first_imgWASHINGTON (AP) — The number of laid-off workers seeking unemployment benefits remained stuck at 1.3 million last week, an historically high level that indicates many companies are still cutting jobs as the viral outbreak intensifies.The elevated level of applications for jobless aid is occurring as new confirmed cases of coronavirus are spiking across much of the Sunbelt, threatening to weaken the economic recovery. Case counts are rising in 40 states and 22 states have either paused or reversed their efforts to reopen their economies, according to Bank of America.Rising infections paralleled rising applications for aid in some states getting hit right now, and fell in states with declining infections. In Florida claims doubled to 129,000, and in Georgia they rose nearly one-third to 136,000, according to the Labor Department’s Thursday report. In California they increased 23,000 to nearly 288,000. Applications also rose in Arizona and South Carolina.Applications fell in Texas, which has seen infections spike, and in New Jersey and New York, where the virus is mostly under control.“Conditions in the labor market remain weak and the risk of mounting permanent job losses is high, especially If activity continues to be disrupted by repeated virus-related shutdowns,” said Rubeela Farooqi, chief U.S. economist at High Frequency Economics.A separate government report showed that retail sales jumped 7.5% in June, a healthy gain that suggested the economy was healing just before the viral resurgence has weighed on hopes for a steady recovery.The Census Bureau reported Thursday that retail sales are 1.1% higher than their levels from a year ago, after a brutal plunge in March and April was offset by a decent rebound in May and June.While applications for jobless aid fell by about 10,000 from the previous week, the figure has now topped 1 million for 17 straight weeks. The record high for weekly unemployment applications before the pandemic, was nearly 700,000.Those figures are adjusted for seasonal variations, a practice intended to filter out trends that don’t reflect on the economy, such as the firing of seasonal workers after the winter holidays. Yet the impact of the coronavirus has made such adjustments less relevant, economists say, because claims are so far above normal levels.Before seasonal adjustment, applications actually rose 100,000 to 1.5 million, a sign that layoffs are worsening.The total number of people who are receiving jobless benefits dropped 400,000 to 17.3 million, the government said. That suggests that some companies are continuing to rehire workers, which could offset some of the job losses reflected in the still-high level of claims.An additional 928,000 people sought benefits last week under a separate program for self-employed and gig workers that has made them eligible for aid for the first time. These figures aren’t adjusted for seasonal variations, so the government doesn’t include them in the official count.The economic recovery is also threatened by the pending expiration of many government support programs that have shored up household and business finances.The government’s small business loan program, known as the Paycheck Protection Program, will finish taking applications Aug. 8. More than $500 billion has already been lent and more than half of small companies that got loans say they have spent all the money, according to a survey by the National Federation of Independent Business. Nearly one-quarter say they have or expect they will lay off workers once the funds run out.And an extra $600 in weekly unemployment benefits provided by the federal government on top of regular aid from the states is set to expire this month. Those funds, along with the $1,200 relief checks sent out in April, enabled millions of Americans to stay current on housing costs and bills.Meghan McGowan, 30, lost two jobs when the pandemic intensified in mid-March, one as a full-time librarian in Detroit and a second as a substitute at a different library system to help bring in some extra cash.She is currently making more from unemployment than she earned at her previous jobs, but is prepared to return to work even though she worries about the health risks. Detroit is a viral hot spot.The looming expiration of the $600 is nerve-wracking for her because the hiatus on her student loans will end this fall and she has an auto insurance bill due.“Before when I was working through grad school I worked in restaurants so that had always been my backup plan, but that’s not an option now,” she said.Companies continue to lay off people. American Airlines warned its workers Wednesday that it may have to cut up to 25,000 jobs in October because of sharply reduced air travel. Airlines are barred from layoffs until then as a condition of federal aid they have received. United Airlines has already told 36,000 workers they may lose their jobs.Air traffic began to slowly rebound in mid-April, but like other parts of the economy, the improvement plateaued in July as the viral outbreak worsens.last_img read more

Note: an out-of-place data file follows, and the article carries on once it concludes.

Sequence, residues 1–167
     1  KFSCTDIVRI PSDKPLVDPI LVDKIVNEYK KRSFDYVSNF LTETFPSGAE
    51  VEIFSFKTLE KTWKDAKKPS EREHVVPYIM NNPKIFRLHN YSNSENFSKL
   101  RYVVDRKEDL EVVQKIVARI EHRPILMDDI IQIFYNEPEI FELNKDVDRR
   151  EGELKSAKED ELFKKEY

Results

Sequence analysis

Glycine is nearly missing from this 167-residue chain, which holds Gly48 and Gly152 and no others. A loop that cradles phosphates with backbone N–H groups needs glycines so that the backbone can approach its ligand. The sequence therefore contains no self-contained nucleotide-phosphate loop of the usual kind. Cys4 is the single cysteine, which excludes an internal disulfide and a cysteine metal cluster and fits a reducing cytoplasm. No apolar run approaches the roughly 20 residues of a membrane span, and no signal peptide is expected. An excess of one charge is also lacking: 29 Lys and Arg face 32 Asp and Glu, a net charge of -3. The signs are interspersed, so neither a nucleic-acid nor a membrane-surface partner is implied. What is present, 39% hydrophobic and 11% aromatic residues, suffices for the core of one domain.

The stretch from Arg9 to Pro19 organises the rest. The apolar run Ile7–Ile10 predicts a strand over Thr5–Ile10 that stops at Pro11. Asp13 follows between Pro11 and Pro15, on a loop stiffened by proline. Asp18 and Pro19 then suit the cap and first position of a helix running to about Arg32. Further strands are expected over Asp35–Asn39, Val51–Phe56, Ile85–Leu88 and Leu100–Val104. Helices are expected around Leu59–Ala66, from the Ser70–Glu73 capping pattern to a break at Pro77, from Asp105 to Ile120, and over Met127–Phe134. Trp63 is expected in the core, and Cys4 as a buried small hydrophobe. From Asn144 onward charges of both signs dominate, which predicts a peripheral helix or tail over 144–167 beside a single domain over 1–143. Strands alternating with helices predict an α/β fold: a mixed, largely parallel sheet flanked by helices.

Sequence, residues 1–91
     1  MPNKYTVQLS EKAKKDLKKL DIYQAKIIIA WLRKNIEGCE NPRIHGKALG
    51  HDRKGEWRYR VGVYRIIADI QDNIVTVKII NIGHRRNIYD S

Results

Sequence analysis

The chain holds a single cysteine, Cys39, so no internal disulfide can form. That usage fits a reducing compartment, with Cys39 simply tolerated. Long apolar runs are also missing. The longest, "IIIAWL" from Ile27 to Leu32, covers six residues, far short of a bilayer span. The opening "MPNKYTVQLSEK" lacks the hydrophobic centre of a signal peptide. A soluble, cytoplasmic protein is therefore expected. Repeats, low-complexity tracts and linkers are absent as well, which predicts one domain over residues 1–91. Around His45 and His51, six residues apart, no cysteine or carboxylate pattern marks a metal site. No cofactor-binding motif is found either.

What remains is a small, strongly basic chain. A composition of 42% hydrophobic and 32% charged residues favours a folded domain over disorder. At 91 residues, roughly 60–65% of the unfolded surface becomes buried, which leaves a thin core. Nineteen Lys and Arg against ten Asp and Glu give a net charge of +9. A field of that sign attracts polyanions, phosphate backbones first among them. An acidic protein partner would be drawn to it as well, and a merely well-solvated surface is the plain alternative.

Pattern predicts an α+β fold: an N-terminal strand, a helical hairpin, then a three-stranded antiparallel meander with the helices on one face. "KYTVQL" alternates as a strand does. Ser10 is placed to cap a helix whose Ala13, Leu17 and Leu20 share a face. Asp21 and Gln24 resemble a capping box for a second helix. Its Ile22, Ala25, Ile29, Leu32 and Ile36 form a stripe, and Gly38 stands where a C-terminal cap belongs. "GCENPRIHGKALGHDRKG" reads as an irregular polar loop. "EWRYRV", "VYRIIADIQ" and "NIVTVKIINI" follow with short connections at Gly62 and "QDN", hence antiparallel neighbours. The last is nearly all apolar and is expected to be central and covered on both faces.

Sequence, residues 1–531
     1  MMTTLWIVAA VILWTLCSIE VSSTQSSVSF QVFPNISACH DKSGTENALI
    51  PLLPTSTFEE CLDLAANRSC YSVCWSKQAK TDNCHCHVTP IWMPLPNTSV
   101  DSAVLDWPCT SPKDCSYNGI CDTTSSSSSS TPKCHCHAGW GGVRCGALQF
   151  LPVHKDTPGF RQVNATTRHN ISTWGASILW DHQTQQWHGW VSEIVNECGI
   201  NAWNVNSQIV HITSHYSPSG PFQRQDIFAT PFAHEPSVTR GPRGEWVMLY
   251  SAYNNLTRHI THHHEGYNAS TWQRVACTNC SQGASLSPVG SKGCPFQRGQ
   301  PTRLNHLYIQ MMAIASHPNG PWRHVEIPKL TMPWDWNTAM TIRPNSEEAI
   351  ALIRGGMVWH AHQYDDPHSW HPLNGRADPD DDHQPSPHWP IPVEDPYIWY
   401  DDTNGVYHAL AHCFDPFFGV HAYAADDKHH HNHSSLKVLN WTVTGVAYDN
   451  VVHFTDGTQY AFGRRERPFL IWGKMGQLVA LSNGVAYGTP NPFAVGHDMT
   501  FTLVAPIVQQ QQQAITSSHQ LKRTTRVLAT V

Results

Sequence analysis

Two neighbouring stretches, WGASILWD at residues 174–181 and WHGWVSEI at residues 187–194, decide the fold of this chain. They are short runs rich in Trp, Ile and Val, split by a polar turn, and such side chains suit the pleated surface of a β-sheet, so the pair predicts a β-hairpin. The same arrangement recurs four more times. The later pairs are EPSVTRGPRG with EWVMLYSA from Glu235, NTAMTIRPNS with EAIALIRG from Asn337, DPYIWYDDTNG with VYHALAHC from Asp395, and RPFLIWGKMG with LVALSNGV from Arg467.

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Joseph Bramlett earns historic PGA Tour card